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CDFA Plans Review of Grapevine Certification Program

Red Blotch Drives Concerns about Clean Vines from Nurseries
by Ted Rieger
October 28, 2014

An ad hoc group of industry members has met several times since April to examine the issue of nursery certification in relation to clean vine material

CDFA plans to hold the first public scoping meeting in early December

Losses “in the hundreds of millions of dollars”

The California Department of Food and Agriculture (CDFA) plans to begin a review process in December of the California Grapevine Registration and Certification Program in response to wine and grape industry concerns about the potential presence of Grapevine Red Blotch-associated virus GRBaV, and variants of leafroll viruses in certified nursery stock sold in California.

John Crossland, of Vineyard Professional Services, a vineyard management company in Paso Robles, recently submitted a letter to CDFA requesting that program regulations be reviewed for possible revision, after his involvement in an ad hoc group of industry members that has met several times since April to examine the issue of nursery certification in relation to clean vine material.

Crossland, a member of the CDFA Pierce’s Disease/Glassy-winged Sharpshooter Board, discussed the issue at the PD/GWSS Board meeting October 27, saying he became involved based on his experience as a nursery customer. In April, the Board designated GRBaV as a new serious pest or disease of winegrapes for Board study and potential funding for research and outreach activities.

Crossland explained: “Growers in recent years have bought plant material in good faith that was represented by the nurseries as being clean, and that has not always been the case. We went to CDFA and said there are problems out here because material labeled and sold as “certified” was not a guarantee that growers were getting clean vines. Vines are being sold and planted in California and out-of-state that decline soon after planting.”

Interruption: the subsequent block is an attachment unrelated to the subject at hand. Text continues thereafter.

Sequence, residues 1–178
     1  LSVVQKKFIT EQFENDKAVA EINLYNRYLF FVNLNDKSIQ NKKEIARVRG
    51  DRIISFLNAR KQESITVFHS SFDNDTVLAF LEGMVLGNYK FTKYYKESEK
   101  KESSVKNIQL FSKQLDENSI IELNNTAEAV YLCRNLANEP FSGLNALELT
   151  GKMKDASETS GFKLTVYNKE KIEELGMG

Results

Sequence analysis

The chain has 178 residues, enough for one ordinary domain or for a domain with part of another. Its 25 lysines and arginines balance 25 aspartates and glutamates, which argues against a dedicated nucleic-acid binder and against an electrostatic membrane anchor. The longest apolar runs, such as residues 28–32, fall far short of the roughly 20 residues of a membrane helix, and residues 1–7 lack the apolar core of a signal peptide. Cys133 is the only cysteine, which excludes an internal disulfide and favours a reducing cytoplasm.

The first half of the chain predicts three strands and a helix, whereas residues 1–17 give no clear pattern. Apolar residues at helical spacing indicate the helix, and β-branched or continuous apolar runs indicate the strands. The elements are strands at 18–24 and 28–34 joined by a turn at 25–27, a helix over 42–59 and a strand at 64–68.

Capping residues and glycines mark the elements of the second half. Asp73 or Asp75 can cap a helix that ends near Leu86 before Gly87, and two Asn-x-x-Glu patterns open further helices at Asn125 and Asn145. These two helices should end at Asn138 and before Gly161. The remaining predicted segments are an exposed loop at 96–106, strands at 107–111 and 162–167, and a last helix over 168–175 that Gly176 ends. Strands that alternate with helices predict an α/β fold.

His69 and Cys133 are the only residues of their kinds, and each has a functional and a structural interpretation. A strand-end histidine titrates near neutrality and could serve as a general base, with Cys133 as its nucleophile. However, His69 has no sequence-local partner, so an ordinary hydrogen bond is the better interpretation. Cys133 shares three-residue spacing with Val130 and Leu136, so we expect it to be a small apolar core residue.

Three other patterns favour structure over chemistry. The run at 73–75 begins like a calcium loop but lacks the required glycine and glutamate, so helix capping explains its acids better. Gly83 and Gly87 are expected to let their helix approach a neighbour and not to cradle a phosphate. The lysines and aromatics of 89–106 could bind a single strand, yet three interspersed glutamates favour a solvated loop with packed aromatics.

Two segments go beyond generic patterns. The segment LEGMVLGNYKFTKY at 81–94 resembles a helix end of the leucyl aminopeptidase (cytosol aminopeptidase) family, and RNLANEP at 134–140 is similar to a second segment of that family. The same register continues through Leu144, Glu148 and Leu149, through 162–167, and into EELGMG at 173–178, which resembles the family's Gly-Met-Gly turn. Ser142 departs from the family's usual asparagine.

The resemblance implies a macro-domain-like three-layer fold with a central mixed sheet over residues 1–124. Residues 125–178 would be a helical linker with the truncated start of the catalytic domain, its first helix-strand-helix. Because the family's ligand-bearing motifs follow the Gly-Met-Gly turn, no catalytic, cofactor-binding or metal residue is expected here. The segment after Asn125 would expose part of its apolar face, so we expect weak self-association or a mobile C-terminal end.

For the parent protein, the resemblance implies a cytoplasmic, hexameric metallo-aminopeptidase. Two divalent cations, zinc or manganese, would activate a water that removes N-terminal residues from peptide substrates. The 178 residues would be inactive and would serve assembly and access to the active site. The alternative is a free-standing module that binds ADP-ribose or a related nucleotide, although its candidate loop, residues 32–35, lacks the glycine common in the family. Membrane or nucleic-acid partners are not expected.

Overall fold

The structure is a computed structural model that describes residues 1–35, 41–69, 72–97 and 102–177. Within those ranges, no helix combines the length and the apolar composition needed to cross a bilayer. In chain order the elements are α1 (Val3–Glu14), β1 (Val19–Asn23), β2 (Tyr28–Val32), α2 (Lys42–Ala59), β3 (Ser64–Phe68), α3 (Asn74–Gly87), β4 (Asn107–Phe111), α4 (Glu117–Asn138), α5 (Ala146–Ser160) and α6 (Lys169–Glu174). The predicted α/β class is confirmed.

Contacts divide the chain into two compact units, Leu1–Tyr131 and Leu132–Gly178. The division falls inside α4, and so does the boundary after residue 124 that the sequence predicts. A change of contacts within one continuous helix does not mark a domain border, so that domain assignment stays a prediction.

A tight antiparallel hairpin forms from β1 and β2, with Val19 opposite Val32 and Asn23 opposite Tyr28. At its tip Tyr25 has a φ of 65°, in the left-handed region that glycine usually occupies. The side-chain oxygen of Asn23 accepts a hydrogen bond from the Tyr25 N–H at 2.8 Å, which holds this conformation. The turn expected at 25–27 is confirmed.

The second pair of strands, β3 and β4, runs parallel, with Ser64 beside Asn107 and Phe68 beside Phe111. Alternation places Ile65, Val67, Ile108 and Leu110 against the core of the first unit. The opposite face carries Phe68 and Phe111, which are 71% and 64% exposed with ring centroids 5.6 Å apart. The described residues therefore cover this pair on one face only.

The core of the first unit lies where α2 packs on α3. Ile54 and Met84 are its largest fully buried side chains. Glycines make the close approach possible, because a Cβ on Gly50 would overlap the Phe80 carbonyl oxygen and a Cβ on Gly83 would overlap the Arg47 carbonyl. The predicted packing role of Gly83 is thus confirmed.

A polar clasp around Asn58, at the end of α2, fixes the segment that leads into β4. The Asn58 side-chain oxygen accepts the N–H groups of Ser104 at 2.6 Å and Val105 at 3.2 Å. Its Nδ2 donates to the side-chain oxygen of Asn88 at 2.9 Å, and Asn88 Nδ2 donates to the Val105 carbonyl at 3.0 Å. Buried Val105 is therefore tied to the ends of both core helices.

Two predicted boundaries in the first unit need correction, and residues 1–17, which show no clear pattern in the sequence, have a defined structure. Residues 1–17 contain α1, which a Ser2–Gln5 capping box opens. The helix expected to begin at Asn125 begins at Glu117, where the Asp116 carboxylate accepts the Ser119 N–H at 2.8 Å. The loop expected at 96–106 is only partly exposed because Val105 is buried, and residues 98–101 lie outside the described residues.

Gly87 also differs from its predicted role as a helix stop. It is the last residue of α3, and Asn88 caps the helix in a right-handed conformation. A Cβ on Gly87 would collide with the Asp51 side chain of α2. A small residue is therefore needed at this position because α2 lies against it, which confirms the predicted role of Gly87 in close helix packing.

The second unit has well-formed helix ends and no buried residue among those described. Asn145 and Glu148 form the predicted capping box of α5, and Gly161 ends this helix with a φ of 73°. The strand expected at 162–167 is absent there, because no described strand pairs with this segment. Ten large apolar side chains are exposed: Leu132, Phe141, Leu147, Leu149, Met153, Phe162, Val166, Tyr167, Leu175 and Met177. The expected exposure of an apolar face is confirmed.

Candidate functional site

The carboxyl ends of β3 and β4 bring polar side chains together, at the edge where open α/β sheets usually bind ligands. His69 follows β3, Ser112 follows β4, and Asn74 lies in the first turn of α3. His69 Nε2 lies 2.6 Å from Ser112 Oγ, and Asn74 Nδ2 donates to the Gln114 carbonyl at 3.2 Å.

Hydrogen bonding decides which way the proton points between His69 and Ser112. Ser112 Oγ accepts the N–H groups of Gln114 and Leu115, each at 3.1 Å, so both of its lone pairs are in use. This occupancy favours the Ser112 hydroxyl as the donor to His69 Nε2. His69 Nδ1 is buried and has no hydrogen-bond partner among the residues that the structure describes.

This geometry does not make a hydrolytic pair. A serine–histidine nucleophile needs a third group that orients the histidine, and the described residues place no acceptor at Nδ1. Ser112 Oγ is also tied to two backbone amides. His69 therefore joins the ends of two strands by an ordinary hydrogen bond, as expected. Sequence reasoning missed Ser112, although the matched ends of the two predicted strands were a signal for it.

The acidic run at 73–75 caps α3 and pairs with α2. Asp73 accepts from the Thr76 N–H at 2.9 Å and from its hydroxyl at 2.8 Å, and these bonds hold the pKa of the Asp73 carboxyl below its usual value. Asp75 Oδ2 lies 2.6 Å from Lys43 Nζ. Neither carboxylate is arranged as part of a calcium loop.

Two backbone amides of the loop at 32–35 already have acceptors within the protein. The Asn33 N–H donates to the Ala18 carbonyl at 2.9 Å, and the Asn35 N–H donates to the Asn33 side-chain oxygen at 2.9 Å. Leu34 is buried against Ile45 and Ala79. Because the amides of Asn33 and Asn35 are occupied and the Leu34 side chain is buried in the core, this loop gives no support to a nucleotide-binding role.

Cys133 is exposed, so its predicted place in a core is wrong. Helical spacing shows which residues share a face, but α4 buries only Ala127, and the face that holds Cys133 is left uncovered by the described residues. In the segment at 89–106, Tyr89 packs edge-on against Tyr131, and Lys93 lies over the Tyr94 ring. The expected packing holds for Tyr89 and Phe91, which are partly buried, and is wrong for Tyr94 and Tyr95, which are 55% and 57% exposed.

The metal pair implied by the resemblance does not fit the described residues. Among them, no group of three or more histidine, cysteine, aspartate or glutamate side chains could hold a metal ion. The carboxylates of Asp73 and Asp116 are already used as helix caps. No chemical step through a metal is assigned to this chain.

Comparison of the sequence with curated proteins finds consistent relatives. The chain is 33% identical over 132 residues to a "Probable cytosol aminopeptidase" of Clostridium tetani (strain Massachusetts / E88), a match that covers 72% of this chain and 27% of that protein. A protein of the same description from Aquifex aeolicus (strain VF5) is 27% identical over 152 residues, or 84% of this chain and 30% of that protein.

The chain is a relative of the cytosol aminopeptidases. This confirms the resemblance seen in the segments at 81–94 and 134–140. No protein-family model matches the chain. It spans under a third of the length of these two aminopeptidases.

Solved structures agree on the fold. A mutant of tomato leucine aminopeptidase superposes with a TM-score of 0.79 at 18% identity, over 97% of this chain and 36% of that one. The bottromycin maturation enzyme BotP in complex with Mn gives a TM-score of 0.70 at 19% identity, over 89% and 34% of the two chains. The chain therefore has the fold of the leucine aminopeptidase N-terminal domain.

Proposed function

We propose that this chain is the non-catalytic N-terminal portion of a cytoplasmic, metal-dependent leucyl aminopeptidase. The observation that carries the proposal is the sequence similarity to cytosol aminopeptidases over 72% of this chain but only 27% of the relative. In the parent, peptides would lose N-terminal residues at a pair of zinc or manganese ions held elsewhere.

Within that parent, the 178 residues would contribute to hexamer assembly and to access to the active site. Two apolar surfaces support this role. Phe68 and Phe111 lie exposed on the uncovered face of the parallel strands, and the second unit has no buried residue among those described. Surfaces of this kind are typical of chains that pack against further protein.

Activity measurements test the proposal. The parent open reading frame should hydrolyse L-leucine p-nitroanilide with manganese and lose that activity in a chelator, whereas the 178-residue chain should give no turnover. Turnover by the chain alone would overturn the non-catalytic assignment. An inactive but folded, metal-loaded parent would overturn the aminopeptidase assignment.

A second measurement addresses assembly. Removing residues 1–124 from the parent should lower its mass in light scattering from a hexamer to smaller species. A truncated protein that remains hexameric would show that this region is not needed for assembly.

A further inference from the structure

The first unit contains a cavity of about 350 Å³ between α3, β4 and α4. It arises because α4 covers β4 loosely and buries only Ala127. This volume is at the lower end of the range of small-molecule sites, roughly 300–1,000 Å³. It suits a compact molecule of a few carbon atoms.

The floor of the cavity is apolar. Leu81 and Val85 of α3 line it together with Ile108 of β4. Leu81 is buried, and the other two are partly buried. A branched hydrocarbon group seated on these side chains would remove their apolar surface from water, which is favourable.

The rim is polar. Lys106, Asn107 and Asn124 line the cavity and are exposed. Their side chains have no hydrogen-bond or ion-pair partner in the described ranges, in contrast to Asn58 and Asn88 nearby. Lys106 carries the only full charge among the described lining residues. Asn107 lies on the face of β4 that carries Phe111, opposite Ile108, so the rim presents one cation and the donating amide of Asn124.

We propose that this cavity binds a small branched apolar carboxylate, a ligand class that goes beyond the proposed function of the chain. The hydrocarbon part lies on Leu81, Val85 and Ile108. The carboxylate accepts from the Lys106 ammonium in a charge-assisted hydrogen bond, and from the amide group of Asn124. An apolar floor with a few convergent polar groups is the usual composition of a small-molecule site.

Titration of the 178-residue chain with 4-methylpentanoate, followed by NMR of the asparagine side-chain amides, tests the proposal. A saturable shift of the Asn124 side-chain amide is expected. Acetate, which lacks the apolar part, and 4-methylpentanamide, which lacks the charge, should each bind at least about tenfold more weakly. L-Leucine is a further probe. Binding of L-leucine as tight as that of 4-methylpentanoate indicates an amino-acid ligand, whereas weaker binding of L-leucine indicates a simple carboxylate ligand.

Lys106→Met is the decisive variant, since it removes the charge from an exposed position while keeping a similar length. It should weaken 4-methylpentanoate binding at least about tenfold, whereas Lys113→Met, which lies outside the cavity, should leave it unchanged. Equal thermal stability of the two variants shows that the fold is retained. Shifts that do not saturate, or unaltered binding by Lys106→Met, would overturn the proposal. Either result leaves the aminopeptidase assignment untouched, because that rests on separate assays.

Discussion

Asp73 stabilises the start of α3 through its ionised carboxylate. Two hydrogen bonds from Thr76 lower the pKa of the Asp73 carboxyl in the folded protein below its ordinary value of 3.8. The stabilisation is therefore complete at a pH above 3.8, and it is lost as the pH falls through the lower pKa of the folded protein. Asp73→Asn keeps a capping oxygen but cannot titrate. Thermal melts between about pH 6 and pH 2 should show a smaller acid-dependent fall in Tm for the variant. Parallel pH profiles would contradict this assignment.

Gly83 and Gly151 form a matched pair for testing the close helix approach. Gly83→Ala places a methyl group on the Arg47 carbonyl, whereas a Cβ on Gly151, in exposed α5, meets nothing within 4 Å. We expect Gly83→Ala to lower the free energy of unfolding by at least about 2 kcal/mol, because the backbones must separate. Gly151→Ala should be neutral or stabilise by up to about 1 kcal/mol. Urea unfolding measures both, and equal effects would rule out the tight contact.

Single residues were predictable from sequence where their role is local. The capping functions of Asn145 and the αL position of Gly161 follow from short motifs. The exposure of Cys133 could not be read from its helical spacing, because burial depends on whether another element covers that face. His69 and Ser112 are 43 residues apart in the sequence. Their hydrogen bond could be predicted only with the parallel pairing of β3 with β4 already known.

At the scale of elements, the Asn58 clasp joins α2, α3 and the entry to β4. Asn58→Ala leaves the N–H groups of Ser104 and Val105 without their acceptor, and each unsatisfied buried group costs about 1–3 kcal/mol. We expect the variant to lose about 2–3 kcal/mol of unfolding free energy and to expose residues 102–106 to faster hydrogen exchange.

Crossland estimated that grower losses related to the cost of vine materials, labor for planting and replanting, and lost production have totaled “in the hundreds of millions of dollars” in recent years. He summarized, “We decided to be proactive and request a review to determine if the program regulations need to be changed.”

The Grapevine Registration and Certification Program was started in the 1950s and program regulations were most recently revised in 2010. Regulations require that vine material certified under the program be tested for a specific list of grapevine viruses, however, GRBaV, officially recognized only since 2012, is not included in this list. There are also concerns that variants of leafroll viruses will not always be detected under currently used testing methods.

Foundation Plant Services (FPS) at the University of California Davis has been testing its Foundation block vine materials for GRBaV since 2013 and is now following Protocol 2010 standards for vine testing and propagation established under the National Clean Plant Network--protocols more stringent than the CDFA program. Under the Grapevine Registration and Certification Program, FPS serves as the source of Foundation block certified material made available to nurseries for propagation in increase blocks. Many California grapevine nurseries have voluntarily been testing their vine material for GRBaV and have upgraded their propagation and growing practices in response to industry concerns.

Joshua Kress, supervisor of the CDFA Nursery, Seed and Cotton Program within the Pest Exclusion Branch, who also spoke at the PD Board meeting, said Crossland’s request has been accepted, and CDFA plans to hold the first public scoping meeting in early December to take input on issues to address as part of the regulatory review process.

The grapevine certification program is voluntary, with more than 30 California nurseries as approved participants. Participants apply to be in the program and pay fees for approval, and for regular inspection and testing of grapevine nursery blocks. Potential issues to address in revising the regulations, in addition to more virus testing, include increasing the frequency of CDFA inspections at certified nurseries, and a possible increase in fees to cover these costs. Kress noted that CDFA’s current annual budget for nursery inspections is less than $300,000.

Crossland observed, “Program changes could cost a substantial amount of money in increased costs for nurseries and their customers, but it will be small in comparison to what people are paying now for vines that don’t survive.”


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